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Frame And Facade


Over many millennia woodcarvers have illuminated and exposed to us the hidden story of wood. Over those centuries exceptional examples of masterworks in the medium have emerged from a handful of artists. Ron Fleming, a native Oklahoman, is a superb example of a master artisan working from the rooted medium. Fleming's woodwork can be found in many places including the White House Collection of American Craft, the Mint Museum of Craft and Design, the Renwick Gallery in the Smithsonian Institution, the Racine Art Museum, the Fine Arts Museum of San Francisco, and in Oklahoma City at Paseo Originals Art Gallery where he is featured in collaboration with Tulsa based mixed media artist Linda Stilley this May for the exhibit “Frame and Facade, A Collaboration”.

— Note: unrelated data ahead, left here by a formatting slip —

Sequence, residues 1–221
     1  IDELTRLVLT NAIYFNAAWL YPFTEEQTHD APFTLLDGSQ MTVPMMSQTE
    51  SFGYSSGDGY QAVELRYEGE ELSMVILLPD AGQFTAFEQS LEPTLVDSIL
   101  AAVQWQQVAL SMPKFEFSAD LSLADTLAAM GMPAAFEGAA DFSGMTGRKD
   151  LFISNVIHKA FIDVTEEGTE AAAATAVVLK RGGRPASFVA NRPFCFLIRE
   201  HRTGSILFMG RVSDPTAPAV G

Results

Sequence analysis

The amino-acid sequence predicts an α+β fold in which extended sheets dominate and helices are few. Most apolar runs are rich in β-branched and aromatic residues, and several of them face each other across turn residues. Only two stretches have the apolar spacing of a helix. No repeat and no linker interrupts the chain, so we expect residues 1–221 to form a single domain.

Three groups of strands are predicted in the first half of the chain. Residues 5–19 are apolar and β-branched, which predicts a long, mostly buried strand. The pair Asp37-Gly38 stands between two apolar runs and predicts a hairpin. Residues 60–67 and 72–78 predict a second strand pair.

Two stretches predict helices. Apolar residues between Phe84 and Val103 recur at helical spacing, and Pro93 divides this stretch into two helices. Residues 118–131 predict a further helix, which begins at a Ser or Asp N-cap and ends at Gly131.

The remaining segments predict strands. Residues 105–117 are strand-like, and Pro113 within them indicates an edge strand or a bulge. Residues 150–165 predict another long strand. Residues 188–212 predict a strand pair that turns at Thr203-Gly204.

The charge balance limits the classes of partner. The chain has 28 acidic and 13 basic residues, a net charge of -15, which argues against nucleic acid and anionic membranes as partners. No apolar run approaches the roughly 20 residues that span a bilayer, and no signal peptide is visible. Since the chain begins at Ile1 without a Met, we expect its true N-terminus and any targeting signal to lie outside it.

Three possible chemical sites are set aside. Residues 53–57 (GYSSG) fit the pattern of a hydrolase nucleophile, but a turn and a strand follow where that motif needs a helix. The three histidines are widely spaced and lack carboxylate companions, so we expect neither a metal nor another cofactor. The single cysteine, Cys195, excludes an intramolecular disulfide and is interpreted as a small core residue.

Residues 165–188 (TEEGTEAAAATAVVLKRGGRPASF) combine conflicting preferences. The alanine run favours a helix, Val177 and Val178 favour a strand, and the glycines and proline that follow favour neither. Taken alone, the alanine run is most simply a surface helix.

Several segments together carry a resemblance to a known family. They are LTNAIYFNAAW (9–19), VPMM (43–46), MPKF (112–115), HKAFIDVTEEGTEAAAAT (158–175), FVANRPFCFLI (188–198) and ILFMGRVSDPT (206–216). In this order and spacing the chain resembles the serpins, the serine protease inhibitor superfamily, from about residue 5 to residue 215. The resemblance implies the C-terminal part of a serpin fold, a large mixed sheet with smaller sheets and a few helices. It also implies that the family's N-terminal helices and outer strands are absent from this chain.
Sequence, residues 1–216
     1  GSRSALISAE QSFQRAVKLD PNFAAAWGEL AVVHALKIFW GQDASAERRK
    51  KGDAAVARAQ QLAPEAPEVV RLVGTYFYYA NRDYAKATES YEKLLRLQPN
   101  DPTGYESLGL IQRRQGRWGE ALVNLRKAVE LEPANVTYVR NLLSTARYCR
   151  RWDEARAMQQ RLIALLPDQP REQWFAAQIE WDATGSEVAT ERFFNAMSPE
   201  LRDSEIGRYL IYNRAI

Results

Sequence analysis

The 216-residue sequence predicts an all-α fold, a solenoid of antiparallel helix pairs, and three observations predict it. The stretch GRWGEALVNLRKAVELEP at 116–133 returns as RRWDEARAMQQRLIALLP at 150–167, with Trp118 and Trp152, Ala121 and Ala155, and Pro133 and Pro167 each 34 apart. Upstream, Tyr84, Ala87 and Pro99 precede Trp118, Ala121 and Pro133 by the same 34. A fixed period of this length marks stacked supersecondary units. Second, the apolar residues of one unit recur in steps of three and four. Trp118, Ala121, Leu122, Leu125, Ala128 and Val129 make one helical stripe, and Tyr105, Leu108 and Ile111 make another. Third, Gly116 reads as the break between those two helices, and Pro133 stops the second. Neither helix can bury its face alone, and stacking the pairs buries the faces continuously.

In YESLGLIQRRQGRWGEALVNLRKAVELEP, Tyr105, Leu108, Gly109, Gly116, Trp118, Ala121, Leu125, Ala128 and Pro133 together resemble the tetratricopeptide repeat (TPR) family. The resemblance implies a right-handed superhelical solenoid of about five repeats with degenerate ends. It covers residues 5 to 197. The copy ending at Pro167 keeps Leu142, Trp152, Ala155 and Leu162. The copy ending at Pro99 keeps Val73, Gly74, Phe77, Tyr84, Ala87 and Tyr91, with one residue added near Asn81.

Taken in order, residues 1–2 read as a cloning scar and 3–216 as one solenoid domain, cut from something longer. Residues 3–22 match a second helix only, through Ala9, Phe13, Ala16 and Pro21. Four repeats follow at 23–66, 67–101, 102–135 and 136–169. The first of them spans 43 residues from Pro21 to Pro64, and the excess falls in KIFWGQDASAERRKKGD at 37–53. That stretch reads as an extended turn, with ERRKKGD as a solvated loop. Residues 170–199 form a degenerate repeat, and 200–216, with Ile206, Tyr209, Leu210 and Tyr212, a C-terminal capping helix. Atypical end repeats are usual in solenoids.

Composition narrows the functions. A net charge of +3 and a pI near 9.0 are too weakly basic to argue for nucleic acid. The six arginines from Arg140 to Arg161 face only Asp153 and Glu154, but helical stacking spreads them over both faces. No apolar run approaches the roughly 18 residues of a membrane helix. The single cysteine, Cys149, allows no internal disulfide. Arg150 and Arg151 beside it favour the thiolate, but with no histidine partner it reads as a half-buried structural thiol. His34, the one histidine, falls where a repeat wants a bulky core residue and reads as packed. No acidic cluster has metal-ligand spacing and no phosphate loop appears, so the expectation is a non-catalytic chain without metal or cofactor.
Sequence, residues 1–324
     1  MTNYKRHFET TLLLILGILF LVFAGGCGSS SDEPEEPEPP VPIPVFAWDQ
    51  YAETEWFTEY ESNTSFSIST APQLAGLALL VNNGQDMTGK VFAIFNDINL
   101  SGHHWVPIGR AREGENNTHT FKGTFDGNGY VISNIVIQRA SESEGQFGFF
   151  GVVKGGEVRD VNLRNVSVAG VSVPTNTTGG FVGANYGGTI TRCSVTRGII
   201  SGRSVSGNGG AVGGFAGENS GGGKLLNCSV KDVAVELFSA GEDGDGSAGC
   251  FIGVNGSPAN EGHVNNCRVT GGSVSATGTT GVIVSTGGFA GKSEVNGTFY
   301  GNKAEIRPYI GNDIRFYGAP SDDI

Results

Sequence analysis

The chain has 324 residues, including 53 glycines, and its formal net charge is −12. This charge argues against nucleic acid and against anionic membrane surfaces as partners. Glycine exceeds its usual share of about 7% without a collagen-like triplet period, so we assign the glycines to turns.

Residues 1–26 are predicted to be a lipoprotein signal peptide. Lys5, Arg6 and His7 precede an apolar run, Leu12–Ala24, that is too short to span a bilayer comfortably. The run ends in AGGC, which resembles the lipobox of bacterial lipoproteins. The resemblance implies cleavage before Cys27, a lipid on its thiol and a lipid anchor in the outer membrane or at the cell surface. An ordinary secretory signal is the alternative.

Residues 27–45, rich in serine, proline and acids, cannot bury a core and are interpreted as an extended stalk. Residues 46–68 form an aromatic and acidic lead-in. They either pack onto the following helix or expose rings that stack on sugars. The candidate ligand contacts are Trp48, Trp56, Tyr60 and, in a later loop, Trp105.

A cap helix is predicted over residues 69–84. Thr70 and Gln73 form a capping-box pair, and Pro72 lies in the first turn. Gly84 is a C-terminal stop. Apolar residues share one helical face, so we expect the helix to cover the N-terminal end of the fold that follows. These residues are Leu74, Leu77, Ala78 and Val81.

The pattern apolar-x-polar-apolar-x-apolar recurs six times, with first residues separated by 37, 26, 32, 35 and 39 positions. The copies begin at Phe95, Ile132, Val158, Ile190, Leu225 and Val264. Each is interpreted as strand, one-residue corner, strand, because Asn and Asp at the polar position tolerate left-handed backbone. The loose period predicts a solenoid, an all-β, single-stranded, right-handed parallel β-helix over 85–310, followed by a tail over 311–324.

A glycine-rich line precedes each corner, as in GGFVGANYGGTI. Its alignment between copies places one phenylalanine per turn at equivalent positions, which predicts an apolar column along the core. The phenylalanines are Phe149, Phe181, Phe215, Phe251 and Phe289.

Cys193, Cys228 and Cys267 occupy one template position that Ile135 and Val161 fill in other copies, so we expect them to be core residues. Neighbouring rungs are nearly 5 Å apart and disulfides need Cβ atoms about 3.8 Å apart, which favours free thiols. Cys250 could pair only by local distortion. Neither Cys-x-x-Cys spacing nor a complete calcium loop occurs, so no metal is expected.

Fleming was raised on a hog and rabbit farm in central Oklahoma. It was in a closet at his high school that he discovered an old airbrush, asked his teacher what it was, and went on to become one of the nations top airbrush illustrators working for companies like Budwiser, Coors, Telex, ZEBCO, and RJ Reynolds. Ron's work in wood provided freedom and a permanent departure from his career in commercial art. His college education as a civil engineer provided him the necessary skills to devise the custom tools he uses to accommodate his visions, which can change with the turn of a lathe or the cut of a hand-held blade. As a child he watched his father and grandfather work in wood for many years. Through observation, learning, thinking and searching Ron found ways to express his passion for nature, it's beauty and passages. Woodworking seemed a natural way to combine his talents as an artist and craftsman. Fleming says, “Whether it be the falling leaves swirling into a frozen form or a single flower bud unfolding in spring, each piece gives me the opportunity to make a statement about the never ending rituals of nature.” In response to his design process Ron says, “As a designer and illustrator I always had to make a layout. The thought process has always been to sketch my thoughts or doodle them down on a sheet of tissue paper. It gives me the opportunity to modify it and look at all the alternatives available. The difficult part is deciding which points are stronger and which are the weaker. There are times when I have an image so strongly in my mind that I can skip all of the above and just make the piece.” It was thirty years ago that Fleming produced an airbrushed painting of a rose bud that would inspire him to recreate it in his first wood form. That piece still resides in Ron's personal collection, not for the piece itself which failed to follow his sketch, rather for the deep appreciation for the journey that it opened. Fleming's understanding of wood has grown with every new timber specimen he has experienced. While the artist favors domestic variates like redwood, elder, dogwood, ash or hackberry, he has also worked exotic species such as pink ivory, South African blackwood, and red acanthus. Several hundred pieces, representing tens of thousands of hours have emerged from Ron's countryside workshop over the last twenty plus years but it was not until five years ago he found reason to collaborate with another artist in order to bring his unique forms to fruition.